The woman gave him a long look. “If necessary, death. I know your reputation. The League would like you alive, but even dead you're worth a tidy sum. I won't hesitate to accept a lower price to assures my own and my ship's welfare.”

He smiled a little, acknowledging her threat, then leaned back, and crossed his arms behind his head.

“You know who I am. And who do I have the pleasure with?” he said mockingly formal.

She gave him another slow, measured look then asked in turn. “What name are you going by these days?”

He ignored her. “How did you find me?”

She gave him a thin lipped smile. “You've managed to changed your face and veil your biometric stats. I'm sure you'd like to know. But you'll have to continue wondering, Number Twenty-four.”

He exaggerated a wince. “Call me Jem then. So much more human.”

She considered that, then closed her diagnose device. “I'm Shadée, Number Twenty-four. That's all you need to know until I hand you over to the League.”

He rolled onto his side, propped his head onto his palm. “Do you need to hand me over to the League? I could pay you the bounty too.”

Shadée gave him a quick look. “You don't have that kind of money, Number Twenty-four. I'm honour bound. There's isn't enough money in the whole universe to buy me out.”

“Honour bound. So you're a Sha'anti. I've never met one of you.”

“If you had you wouldn't be sitting across from me. You'd been in the hands of the League long ago.”

He sat up, facing her. Shadée gave him a thorough scrutiny. He knew what she was seeing, since he had chosen it. His face was dark skinned, unusual among the space faring races, with a large, proud nose, full lips and upwards slanting eyebrows. He had been told he was ugly. He had also been told he was beautiful. A shock of black hair seemed to invite a woman to run her fingers through it. He smiled and could see a sudden, faint flush on Shadée's face.

She pressed her lips together disapprovingly. “It needs more than a few pheromones to get around me, Number Twenty-four. Turn your attraction off. It doesn't work with me.”

So she knew about his ability to produce pheromones at will. It had helped him out of more than one scrape when a woman was involved. He gave a rueful smile and shrugged. “Can't blame a man for trying.”

Shadée frowned. “You're not a man. You're a Construct, one out of thirty.”

That one stung. He felt his smile freeze. To cover it he gave a nonchalant shrug. “Maybe. But I'm the only one left.”

“Because you destroyed all the others. You're faulty.”

He tensed. “Faulty? I'm faulty because I have my own mind? You humans pride yourself of your free will. Why is it that my free will is considered a fault?”

“Because you were conceived to be a programmable entity, to serve where humans can't work. You're just a biological machine.”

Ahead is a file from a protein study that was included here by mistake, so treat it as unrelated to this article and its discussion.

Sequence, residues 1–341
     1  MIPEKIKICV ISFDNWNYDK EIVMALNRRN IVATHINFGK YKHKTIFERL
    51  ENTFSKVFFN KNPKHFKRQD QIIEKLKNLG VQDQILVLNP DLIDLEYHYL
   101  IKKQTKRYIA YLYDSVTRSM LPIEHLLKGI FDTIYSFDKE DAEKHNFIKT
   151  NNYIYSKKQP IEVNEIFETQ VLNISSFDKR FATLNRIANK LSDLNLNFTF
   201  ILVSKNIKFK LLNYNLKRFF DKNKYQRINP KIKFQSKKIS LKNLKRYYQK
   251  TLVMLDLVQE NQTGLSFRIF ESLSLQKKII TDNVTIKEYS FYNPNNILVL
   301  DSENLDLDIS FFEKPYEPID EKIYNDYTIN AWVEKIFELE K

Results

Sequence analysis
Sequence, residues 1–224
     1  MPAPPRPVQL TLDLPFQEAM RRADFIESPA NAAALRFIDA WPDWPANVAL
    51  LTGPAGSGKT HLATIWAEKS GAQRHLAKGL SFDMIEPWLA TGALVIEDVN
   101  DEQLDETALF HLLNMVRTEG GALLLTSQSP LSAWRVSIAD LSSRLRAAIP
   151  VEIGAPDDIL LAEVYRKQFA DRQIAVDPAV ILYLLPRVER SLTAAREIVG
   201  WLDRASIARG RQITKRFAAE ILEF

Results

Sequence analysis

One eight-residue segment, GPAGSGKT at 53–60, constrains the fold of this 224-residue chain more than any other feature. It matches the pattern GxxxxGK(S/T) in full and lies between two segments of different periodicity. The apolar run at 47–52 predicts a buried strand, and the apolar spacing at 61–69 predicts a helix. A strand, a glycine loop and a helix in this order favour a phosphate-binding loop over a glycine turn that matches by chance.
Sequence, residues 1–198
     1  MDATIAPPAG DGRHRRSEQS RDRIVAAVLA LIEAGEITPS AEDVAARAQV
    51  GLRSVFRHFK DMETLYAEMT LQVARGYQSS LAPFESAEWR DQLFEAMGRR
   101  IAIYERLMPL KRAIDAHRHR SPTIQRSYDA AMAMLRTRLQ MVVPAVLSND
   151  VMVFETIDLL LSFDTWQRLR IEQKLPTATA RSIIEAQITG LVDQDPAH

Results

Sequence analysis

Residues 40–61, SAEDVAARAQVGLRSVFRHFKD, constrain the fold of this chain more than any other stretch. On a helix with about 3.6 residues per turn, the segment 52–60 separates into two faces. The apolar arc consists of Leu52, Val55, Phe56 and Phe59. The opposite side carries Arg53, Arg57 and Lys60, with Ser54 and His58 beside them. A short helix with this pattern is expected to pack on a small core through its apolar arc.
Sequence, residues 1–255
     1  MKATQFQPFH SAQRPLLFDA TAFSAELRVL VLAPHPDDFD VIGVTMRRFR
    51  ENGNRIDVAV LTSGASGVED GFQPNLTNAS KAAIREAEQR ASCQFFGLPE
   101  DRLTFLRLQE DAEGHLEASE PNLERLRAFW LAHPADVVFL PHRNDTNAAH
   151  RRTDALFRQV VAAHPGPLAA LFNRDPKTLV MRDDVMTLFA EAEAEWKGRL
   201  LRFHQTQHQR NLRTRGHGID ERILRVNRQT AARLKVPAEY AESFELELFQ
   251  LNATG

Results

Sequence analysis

That cut right to the core. He impulsively moved to jump from his bunk. Anaïs reacted immediately. The Solanium fetters glowed faintly and he felt a huge weight settle on him. He was slammed back hard into the mattress.

“Hostile emotions detected,” Anaïs announced with an annoyingly pleasant voice. Shadée looked a moment at him then she said: “Lower power by 50%.” The glow on the Solanium fetters dimmed and he rolled over slowly.

“Your ship is pretty protective.”

Shadée got up from the bunk. “You better remember that. I've got some work to do. Anaïs, the guest is authorized to request food and drink. Help yourself.”

Guest! Jem grimaced at the ironic statement. He watched her walk to the end of the cabin. The hidden door slid aside silently and closed behind her again. After a moment Jem slowly rolled out of the bunk and then walked towards the door fighting the drag of the fetters. He reached the door, but it didn't move.

“Anaïs, open door.” The door gave a small sound that could have been interpreted as a snigger but otherwise remained stubbornly closed.

“That's what I thought,” he muttered and then began a slow and laborious inspection of the cabin.

* * *

“Full power is really not required. Do you have any idea how uncomfortable total immobilisation is?” Number Twenty-four protested from his bunk. He turned his head with difficulty to look at her.

Shadée gave him a bland look. “I want to sleep without any risk of you trying something funny. I'll just sleep for three hours... I don't require more at one go. You should survive that long, I think.” Shadée rolled onto the bunk and curled together. “Anaïs, blinds.” Shadée's bunk raised a semi-opaque blind, creating a kind of cocoon around her. She watched Number Twenty-four look a moment at the blind, then turn his head and stare at the ceiling. After a moment she wiggled a little more deeply into the mattress and closed her eyes.

* * *

“Alarm, alarm.”

Shadée was already standing beside her bunk before her mind completely cleared the mists of sleep. “Anaïs, status!” She gave a quick look at the other bunk. Number Twenty-four was still in there, turning his head slowly. He couldn't be the reason for the alarm.

“Ship on interception course. Evasive measures unsuccessful.”

Shadée muttered a curse and ran out of the cabin.

“Hey! Don't leave me here like that!” The door whispered close behind Shadée, cutting off the construct's shout.

There was no reason why her prisoner shouldn't just remain in immobilisation, but something caused her to show unusual mercy. “Anaïs, lower power by 50%.” She jumped into the pilot's chair, and ran her eyes across the displays.